Background: Inflammatory responses facilitate metastasis by increasing expression of adhesion molecules. Dietary restriction (30% reduction in daily calorie intake) reduces the expression of adhesion molecules and protects against surgically induced inflammation. DR might therefore beneficially interfere with surgery-induced inflammation and subsequent adhesion of circulating tumor cells. Methods: BALB/c mice were subjected to 2 weeks dietary restriction prior to inoculation with tumor cells. Intra-splenic injection of 5.0 × 104C26-colon carcinoma cells was followed by splenectomy. Hepatic tumor load was scored after 10 days as a percentage (tumor surface/total liver surface) on H&E stained sections. Liver mRNA expression of adhesion molecules was determined and the effect of serum from dietary restriction mice on in vitro tumor growth and adhesion capacity was assessed. Results: Preoperative dietary restriction significantly reduced mRNA expression levels of E-selectin (P = 0.0087) and hepatic tumor load (P = 0.036). Dietary restriction serum did not affect in vitro cell growth but reduced in vitro adhesion of C26 cells to endothelial cells (P = 0.0043). Conclusions: Preoperative dietary restriction reduces hepatic tumor load after injection with tumor cells. Reduced adhesion to endothelial cells and reduced mRNA expression of E-selectin suggest that dietary restriction reduces tumor load by lowering the adhesion of circulating tumor cells to hepatic vascular endothelium.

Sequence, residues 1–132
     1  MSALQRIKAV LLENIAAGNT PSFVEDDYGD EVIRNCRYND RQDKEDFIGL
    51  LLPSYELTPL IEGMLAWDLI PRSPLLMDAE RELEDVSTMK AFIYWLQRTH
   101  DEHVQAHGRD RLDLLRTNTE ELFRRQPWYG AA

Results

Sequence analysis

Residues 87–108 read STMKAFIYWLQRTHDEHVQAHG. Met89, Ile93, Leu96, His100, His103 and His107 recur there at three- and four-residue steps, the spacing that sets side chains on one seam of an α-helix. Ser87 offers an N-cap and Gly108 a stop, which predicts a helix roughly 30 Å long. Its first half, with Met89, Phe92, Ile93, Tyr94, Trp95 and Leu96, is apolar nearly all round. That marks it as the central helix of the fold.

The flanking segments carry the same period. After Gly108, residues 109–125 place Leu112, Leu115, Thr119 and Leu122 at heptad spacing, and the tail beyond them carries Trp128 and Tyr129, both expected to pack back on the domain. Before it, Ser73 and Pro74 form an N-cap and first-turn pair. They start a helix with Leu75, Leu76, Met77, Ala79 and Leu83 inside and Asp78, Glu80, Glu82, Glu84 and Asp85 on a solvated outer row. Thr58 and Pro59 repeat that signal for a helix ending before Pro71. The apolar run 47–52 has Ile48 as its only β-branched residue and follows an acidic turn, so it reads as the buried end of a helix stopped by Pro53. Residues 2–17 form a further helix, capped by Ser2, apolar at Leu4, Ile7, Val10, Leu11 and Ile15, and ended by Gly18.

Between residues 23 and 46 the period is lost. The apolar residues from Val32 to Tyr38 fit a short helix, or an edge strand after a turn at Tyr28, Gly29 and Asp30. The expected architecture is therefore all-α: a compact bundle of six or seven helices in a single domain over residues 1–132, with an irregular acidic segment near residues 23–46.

Circulating tumor cells, Postoperative inflammation, Surgery, Tumor cell adhesion,
Journal of Surgical Oncology
Erasmus MC: University Medical Center Rotterdam

van Ginhoven, T.M, van den Berg, J.W, Dik, W.A, IJzermans, J.N.M, & de Bruin, R.W.F. (2010). Preoperative dietary restriction reduces hepatic tumor load by reduced E-selectin-mediated adhesion in mice. Journal of Surgical Oncology, 102(4), 348–353. doi:10.1002/jso.21649